By ignoring noise, he was able to produce a universal method of transferring and deciphering information.

Finally, Shannon left us the legacy of information noise with an almost indecipherable term. This idea would also rock the foundations of science, technology, and the digital age and would leave its footprint on all that came afterward. He called it ‘information entropy.’

**About the Author:**

Ted Gross is Co-Founder & CEO of “If-What-If.” Ted served as a CTO & VP of R&D for many years with expertise in database technology concentrating on NoSQL systems, NodeJS, MongoDB, Encryption, AI, Disruption, Chaos & Complexity Theory, and Singularity events. He has over 15 years of expertise in Virtual World Technologies & 6 years in Augmented Reality. Ted continues to write many articles on technological topics in professional academic journals and online on the Facebook If-What-if Group, Medium, Twitter, and LinkedIn. You can also sign up for the free newsletter of If-What-If here or on Substack.

**References:**

1. Wikipedia (n.d.) ‘Information theory’, available at: https://en.wikipedia.org/wiki/Information_theory (accessed 29th July, 2021).

2. Wikipedia (n.d.) ‘The laws of thought’, available at: https://en.wikipedia.org/wiki/The_Laws_of_Thought (accessed 19th August, 2021).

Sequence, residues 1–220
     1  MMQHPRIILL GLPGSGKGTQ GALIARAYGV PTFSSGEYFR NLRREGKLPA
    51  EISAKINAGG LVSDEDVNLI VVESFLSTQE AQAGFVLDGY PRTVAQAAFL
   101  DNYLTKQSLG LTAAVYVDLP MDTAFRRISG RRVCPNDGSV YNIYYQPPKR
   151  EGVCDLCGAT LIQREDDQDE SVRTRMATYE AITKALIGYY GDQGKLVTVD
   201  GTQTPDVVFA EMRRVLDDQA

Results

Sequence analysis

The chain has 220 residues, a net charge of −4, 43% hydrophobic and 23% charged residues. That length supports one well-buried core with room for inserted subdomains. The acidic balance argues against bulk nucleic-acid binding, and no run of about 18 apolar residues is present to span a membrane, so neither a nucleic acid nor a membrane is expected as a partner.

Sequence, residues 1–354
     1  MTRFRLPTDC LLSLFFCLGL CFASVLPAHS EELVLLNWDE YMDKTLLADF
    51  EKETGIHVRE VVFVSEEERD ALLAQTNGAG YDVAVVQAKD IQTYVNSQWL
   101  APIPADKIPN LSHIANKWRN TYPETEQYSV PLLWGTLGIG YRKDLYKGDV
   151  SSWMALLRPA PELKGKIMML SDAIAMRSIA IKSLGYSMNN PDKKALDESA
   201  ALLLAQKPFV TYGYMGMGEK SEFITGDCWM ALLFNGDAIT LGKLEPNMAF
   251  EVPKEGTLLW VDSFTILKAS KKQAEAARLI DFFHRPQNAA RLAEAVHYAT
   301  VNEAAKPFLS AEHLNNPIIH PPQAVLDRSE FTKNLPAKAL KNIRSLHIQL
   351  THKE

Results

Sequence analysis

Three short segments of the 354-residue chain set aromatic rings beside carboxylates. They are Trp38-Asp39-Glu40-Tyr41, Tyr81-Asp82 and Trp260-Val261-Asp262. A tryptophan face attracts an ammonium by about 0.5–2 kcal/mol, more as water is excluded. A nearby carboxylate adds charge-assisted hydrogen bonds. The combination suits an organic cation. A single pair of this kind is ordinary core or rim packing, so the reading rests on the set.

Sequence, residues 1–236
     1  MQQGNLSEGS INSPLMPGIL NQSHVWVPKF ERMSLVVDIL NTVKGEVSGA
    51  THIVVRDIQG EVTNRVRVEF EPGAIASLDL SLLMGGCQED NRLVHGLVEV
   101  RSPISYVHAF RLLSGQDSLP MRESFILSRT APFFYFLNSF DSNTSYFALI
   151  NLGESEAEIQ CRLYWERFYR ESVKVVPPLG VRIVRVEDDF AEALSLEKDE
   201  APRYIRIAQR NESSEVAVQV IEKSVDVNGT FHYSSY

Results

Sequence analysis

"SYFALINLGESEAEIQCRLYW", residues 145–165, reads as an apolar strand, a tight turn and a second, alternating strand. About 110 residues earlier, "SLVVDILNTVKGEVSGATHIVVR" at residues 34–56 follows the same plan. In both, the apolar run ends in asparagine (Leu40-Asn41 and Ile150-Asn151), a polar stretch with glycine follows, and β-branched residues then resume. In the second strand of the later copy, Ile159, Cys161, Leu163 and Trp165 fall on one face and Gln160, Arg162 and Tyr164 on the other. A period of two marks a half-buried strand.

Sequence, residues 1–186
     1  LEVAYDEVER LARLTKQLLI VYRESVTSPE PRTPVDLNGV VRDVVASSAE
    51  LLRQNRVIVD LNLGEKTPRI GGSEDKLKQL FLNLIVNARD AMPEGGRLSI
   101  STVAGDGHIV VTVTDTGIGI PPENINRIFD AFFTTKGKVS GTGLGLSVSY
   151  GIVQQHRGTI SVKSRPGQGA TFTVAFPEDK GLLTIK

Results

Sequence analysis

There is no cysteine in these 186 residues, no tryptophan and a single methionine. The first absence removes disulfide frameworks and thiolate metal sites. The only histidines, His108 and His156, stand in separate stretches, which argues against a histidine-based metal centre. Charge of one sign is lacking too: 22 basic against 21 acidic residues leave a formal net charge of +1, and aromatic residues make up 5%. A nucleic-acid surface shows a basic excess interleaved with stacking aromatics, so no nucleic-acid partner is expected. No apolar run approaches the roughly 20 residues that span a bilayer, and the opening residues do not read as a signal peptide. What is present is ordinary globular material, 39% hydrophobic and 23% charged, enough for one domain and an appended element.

3. Wikipedia (n.d.) ‘Boolean function’, available at: https://en.wikipedia.org/wiki/Boolean_function (accessed 19th August, 2021).

4. Isaacson, W. (2014) ‘The Innovators: How a Group of Hackers, Geniuses, and Geeks Created the Digital Revolution’, Simon & Schuster, New York, NY, Kindle Edition, Location 943.

5. Wikipedia (n.d.) ‘Boolean function’, available at: https://en.wikipedia.org/wiki/Boolean_function (accessed 19th August, 2021).

6. Shannon, C. (1948) ‘A mathematical theory of communication’, *Bell System Technical Journal*, Vol. 27, July/October, pp. 379–423

7. Isaacson, ref. 4 above, Location 943

8. Stone, J.V. (2018) ‘Information Theory: A Tutorial Introduction’, Sebtel Press, Kindle Edition, Location 82

9. Shannon, ref. 6 above.

10. Gleick, J. (2011) ‘The Information’, Pantheon Books, New York, NY, Kindle Edition, Location 66.

11. Shannon, ref. 6 above.

12. Stone, ref 8 above, Location 359.

13. Soni, J. and Goodman, R. (2017) ‘A Mind at Play: How Claude Shannon Invented the Information Age’, Simon & Schuster, New York, NY, Kindle Edition, Location 69.